In an article recently published online for Wall Street Journal Working Together -- When Apart, the issues of working at a distance successfully were discussed. The application is not always as pleasant as my experiences have been. Because there is no face to relate to, the team chemistry is difficult to activate. Social networking opportunities with internet groups, blogs, and other sharing tools were found to be beneficial to the success of the project. The requisite chemistry was stimulated when some team members were acquainted going into the project, although having a majority of the members be colleagues could make a stale group. Networkers who do well on these teams for the projected goal and satisfaction of the team are those who have been networking already and bring connections to the team through their former activities.
Breaking the team into modules with specific parts of the project kept the dependency for progress from bottlenecking. Smaller bits could work around the 'mountain' of time zones that often crops up with a long distance team.
Utilizing online sharing tools helped everyone keep on track and keep up. Some organizations have something specifically built into their IT systems, but there are tools for general use such as Go-To-Meeting or WebEx where files can be exchanged. Microsoft Sharepoint lets larger pieces of a project be addressed through a specific website environment. Google Notes, MS OneNote, Evernote plus are some sharing options where work can be posted and be 'tuned' by other members of the team.
There are some impressive conference rooms that permit display of web pages, text messaging, VOIP and webcam participation to enhance the social aspects of team work.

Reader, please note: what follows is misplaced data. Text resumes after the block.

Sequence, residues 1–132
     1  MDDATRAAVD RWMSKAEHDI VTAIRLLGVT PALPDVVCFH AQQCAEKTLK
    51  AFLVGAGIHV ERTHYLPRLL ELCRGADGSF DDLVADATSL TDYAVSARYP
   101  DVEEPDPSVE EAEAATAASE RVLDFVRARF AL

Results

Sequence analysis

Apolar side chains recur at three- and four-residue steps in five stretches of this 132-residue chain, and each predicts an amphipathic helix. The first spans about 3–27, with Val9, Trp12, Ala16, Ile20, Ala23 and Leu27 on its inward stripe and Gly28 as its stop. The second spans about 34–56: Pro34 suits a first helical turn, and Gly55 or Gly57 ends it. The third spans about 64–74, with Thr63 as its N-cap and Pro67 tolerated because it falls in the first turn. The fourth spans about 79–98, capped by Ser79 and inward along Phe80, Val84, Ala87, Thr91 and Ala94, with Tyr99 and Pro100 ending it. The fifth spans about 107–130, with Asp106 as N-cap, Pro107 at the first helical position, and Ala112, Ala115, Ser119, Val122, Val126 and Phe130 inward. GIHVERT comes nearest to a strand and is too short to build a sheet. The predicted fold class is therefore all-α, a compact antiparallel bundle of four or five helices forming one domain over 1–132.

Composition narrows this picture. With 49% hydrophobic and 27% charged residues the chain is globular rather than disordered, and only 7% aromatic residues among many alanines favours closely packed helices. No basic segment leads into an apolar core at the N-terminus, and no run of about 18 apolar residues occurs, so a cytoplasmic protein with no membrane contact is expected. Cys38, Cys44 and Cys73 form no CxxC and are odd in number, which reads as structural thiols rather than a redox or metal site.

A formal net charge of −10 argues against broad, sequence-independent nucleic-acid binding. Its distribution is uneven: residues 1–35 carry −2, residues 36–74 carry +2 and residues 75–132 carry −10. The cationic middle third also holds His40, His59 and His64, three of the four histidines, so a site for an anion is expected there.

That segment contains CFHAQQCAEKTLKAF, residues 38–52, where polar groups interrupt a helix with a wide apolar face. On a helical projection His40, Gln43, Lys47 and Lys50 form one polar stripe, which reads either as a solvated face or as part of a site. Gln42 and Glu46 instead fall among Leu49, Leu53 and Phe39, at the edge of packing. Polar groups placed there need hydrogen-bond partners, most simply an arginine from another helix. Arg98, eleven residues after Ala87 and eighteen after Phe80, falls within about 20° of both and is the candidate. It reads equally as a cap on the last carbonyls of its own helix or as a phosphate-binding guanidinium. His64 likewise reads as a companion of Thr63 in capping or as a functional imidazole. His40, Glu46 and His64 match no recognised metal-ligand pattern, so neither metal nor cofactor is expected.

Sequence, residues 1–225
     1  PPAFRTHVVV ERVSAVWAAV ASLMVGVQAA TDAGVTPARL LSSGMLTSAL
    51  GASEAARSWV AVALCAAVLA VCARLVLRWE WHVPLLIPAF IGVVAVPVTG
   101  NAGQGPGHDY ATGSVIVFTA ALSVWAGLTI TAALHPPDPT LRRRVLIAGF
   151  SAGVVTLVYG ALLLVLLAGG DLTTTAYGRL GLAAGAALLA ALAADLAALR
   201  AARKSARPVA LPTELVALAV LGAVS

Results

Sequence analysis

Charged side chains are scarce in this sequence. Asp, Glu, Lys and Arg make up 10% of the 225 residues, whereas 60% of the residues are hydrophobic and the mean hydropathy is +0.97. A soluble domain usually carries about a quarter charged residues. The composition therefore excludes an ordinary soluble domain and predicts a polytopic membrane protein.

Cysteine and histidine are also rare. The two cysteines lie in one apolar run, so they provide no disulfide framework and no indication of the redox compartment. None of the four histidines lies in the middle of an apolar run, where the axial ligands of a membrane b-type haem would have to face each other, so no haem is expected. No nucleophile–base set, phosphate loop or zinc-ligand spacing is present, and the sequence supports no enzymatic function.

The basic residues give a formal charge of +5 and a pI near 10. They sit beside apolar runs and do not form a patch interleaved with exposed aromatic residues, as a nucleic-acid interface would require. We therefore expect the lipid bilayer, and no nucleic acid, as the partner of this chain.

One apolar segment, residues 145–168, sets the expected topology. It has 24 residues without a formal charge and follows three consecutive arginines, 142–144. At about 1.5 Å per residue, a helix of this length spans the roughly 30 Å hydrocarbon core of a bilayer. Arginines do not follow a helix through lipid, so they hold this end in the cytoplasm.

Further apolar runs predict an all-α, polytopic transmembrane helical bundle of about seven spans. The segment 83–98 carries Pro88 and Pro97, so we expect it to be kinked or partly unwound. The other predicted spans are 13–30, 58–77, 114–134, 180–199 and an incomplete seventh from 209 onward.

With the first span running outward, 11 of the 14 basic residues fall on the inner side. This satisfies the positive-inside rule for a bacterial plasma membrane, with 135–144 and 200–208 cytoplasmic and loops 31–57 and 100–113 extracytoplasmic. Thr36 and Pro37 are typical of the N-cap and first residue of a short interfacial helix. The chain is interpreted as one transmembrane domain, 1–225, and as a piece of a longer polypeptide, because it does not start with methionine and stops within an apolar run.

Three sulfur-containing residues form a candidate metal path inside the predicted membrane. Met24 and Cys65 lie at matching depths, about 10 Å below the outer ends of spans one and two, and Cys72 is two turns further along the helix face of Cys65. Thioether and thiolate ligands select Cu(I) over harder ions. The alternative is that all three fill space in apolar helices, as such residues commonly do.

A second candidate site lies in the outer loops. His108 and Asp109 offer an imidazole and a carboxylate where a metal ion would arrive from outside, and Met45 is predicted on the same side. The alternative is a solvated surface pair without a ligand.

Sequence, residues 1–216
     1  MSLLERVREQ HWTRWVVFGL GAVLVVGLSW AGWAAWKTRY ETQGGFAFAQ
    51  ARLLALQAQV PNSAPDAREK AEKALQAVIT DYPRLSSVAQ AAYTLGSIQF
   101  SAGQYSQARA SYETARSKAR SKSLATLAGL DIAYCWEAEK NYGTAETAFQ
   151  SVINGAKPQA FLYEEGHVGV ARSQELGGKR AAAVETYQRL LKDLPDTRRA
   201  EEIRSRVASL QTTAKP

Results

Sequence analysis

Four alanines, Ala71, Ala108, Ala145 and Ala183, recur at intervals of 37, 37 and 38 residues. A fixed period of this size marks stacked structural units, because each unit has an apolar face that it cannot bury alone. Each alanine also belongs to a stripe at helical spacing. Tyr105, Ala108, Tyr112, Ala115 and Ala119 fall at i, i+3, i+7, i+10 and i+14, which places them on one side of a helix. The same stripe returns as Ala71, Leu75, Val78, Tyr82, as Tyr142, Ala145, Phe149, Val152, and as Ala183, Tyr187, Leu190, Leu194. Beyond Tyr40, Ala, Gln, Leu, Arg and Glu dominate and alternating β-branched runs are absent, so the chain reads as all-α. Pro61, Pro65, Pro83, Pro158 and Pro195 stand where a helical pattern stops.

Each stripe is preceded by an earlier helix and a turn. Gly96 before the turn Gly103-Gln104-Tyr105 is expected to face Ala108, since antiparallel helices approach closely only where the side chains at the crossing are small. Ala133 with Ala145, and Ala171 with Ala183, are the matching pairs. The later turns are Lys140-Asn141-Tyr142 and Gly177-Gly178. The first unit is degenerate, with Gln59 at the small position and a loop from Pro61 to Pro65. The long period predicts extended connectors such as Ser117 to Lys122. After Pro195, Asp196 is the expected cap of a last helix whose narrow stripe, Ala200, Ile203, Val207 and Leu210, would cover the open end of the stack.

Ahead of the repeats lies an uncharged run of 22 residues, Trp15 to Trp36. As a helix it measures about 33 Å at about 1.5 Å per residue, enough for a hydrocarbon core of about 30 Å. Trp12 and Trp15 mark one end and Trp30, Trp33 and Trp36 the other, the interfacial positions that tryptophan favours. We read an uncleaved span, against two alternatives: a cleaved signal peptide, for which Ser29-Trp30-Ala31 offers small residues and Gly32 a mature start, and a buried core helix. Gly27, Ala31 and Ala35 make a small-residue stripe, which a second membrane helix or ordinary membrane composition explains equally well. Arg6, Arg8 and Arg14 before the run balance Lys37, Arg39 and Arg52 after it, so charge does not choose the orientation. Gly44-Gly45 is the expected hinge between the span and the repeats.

COMMUNICATION -- Who will receive emails and messages? Who is copied on messages? Does everyone have to be copied EVERY time? Expectations about response need to be addressed. Can we set up a schedule? Is a note/response necessary for the rest of the team to know that I will need an hour to get this information together? Well, it would be nice. Schedules could be set using IM resources. I particularly am enjoying Skype for text communication in focus groups.
Vigorous, stimulating projects seem to get better response and application of effort. Let it get boring or let a bore get the floor and there will be more people playing solitaire (because you cannot see them on a conference call), being habitually late to the 'meetings' or managing to skip them altogether. Virtual teams that accomplish the most are "a dynamic collection of inspired people."
I love working virtually. I am able to inter-connect with people all over the country. I can work with my choice of equipment. I can WORK despite living in a rather remote area in terms of employment, particularly for my skills. About those skills; because I can be part of virtual teams, I can indulge myself with the software and hardware that I enjoy so much and hone skills that are profitable to me in terms of income and fulfillment. I enjoy the social networking that makes me less invisible. Recently at a local Chamber of Commerce meeting, we discussed why we participate. I do not have a client base in my tangible community. But, participating in community projects helps reassure me that I exist.
I believe that virtual isn't appropriate in every situation. And that it is highly recommended in many. Technology arises to the challenge to make virtual teamwork a great possibility. REAL people with real ectoplasm make the virtual thing work because the REAL people still control the principal of "Garbage in -- Garbage out"
Technology is only a tool to be used to the benefit of a project or need.
When that can be done long distance I'm a happy camper.
Real estate in the Ozarks has appeal to all sorts of people, but when virtual assistants own property there, the world doesn't have to miss out on some really good admin. support.